What is a confined space? The legal definition of a confined space changes from one regulator to another. In general, these spaces will have the following features: they are large enough for humans to enter and perform work, they are fully or partially enclosed, they have not been designed or intended for continuous human occupancy, and they have a limited or restricted means for entry and exit. But are these physical features alone enough to classify a space as “confined”? This depends on who the regulator is. Here in BC, the only conditions needed for a space to be considered “confined”, are the physical properties of it. Conversely, in Alberta they require these physical properties AND whether the space is or may become harmful to the occupants due to hazards present or a potential hazardous atmosphere. Federally, they differentiate between a “confined space” which meets the physical requirements and a “hazardous confined space” that physically is confined and presents hazards that are likely to cause injury, illness or other adverse health effects to someone who enters, occupies, or exits the space. Not only is this method used by other regulators, but this is the approach that is recommended by the Canadian Standards Association (CSA) in their standard Z1006 Management of Work in Confined Spaces.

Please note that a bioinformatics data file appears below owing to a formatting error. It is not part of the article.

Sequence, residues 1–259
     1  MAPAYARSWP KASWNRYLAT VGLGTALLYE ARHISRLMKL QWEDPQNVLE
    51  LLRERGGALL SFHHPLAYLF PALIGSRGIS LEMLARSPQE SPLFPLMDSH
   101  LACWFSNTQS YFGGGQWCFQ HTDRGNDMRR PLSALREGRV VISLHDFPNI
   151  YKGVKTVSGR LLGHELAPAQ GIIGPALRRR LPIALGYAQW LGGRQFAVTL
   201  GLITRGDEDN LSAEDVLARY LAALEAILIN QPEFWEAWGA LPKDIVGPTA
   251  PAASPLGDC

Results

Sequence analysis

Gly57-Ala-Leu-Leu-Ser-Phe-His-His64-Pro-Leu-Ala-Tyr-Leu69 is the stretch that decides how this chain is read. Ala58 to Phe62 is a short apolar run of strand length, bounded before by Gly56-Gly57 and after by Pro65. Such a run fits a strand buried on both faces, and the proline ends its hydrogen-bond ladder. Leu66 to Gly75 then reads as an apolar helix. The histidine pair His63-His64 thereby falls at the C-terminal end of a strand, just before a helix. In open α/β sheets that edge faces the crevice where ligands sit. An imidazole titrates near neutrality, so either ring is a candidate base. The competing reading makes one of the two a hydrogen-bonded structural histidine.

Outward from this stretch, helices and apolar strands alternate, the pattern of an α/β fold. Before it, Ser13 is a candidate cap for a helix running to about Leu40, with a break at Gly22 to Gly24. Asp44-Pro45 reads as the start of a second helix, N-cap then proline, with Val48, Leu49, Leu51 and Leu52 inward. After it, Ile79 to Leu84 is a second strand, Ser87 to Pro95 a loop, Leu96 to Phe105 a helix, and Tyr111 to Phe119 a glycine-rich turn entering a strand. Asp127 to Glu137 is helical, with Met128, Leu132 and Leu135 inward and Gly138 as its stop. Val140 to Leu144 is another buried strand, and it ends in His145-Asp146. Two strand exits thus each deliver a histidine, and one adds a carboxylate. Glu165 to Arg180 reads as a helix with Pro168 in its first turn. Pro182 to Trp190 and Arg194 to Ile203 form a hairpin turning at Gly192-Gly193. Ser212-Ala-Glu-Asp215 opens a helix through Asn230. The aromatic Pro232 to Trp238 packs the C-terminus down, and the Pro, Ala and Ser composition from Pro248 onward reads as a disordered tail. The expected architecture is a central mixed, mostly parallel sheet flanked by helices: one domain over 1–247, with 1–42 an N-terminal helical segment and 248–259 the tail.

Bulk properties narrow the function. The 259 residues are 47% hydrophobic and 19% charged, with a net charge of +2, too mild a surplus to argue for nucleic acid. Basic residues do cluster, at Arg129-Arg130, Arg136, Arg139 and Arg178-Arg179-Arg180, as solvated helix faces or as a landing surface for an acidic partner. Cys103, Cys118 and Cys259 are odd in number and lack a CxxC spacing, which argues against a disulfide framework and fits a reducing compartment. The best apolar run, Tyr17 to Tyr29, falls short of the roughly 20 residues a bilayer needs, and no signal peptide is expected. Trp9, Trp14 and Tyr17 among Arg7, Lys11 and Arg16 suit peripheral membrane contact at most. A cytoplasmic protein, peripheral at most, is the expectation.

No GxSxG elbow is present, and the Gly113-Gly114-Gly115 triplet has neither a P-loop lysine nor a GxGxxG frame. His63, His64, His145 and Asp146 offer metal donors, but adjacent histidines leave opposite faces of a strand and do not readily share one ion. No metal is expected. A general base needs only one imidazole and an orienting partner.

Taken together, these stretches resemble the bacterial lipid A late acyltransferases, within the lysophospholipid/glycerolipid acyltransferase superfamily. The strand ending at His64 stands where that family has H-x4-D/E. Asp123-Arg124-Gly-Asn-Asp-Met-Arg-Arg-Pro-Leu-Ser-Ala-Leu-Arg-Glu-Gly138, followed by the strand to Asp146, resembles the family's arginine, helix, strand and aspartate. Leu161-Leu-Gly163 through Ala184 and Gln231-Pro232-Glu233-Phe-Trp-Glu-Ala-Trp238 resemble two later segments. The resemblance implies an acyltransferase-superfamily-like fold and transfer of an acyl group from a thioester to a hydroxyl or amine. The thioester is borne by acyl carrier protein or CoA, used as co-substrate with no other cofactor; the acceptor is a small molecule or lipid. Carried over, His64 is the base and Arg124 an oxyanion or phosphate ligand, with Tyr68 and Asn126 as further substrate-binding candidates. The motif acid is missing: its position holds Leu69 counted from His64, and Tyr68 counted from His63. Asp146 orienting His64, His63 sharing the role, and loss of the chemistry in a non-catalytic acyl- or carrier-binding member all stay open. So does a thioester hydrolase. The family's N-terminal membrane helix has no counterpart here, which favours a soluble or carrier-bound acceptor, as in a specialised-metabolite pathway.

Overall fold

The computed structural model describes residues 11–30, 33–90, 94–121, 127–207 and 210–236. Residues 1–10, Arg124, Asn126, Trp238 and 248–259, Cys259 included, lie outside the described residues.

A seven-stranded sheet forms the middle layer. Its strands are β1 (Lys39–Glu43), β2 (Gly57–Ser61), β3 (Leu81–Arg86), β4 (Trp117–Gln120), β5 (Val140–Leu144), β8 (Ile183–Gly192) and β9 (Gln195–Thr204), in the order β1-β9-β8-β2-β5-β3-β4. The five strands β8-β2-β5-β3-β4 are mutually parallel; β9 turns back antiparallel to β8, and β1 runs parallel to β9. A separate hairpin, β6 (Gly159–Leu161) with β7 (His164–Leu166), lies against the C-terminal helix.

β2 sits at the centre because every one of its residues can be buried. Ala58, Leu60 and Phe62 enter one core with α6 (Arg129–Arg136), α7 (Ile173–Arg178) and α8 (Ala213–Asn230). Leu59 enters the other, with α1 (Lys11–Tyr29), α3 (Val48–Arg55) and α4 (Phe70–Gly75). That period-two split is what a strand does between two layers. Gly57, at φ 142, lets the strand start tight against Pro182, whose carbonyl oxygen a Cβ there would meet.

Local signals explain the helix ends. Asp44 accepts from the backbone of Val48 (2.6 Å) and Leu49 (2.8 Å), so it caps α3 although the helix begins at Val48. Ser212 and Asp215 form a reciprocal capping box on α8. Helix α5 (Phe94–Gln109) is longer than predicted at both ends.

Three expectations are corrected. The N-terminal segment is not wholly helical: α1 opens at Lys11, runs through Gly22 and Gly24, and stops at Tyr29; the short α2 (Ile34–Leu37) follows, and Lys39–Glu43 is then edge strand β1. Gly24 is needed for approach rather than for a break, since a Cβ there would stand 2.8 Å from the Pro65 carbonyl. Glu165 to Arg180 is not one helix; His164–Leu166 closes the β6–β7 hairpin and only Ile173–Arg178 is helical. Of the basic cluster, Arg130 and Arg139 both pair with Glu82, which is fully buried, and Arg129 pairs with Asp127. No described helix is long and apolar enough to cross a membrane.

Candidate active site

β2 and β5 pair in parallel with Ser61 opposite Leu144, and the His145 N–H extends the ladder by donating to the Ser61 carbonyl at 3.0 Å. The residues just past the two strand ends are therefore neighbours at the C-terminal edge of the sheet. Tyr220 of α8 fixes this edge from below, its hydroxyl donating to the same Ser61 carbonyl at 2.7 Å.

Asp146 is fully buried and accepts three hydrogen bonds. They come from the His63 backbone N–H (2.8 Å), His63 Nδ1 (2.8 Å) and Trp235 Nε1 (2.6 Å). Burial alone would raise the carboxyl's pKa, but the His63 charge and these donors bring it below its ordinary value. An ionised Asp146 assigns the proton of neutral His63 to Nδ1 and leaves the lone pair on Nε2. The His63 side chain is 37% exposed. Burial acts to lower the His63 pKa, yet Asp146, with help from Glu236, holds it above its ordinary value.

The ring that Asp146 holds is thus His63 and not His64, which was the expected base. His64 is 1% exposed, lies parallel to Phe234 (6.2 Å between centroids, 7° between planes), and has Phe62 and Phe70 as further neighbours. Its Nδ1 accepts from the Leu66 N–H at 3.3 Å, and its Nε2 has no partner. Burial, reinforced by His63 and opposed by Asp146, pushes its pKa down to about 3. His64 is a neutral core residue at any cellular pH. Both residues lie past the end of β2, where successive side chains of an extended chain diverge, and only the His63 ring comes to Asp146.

Differentiating between these spaces can have a huge impact on the regulations and requirements. For example, federally there are more requirements that are very prescriptive for a “hazardous confined space” compared to a “confined space”. Or in Alberta, there are more regulations around a “confined space” than a “restricted space”. Whereas in BC, only the physical aspects of a space are considered when determining if is confined or not, and all spaces that are “confined” must meet the WorkSafeBC OHSR Part 9 regulations on Confined Spaces. The only exception to this are spaces that meet the exclusion criteria in G9.1-1.
If BC were to change the way they regulate these spaces, the effects would be felt throughout many workplaces and industries who deal with confined spaces on a regular basis. What is the “correct” definition of a confined space? Do you think that BC should follow the direction of other regulators and the CSA standard and take into consideration whether hazards are present or may arise? Or is using the physical criteria a more conservative approach that can better protect workers accessing these spaces?
Prior to performing work inside of a confined space ensure that a qualified safety professional assesses the space to identify potential hazards and develop safe work procedures. Arcose Consulting Ltd. is a leader in occupational health and safety serving commercial, industrial and institutional clients in British Columbia. If you wish to contact us regarding this post or to inquire about our services, please do so at [email protected] or 604.372.2502.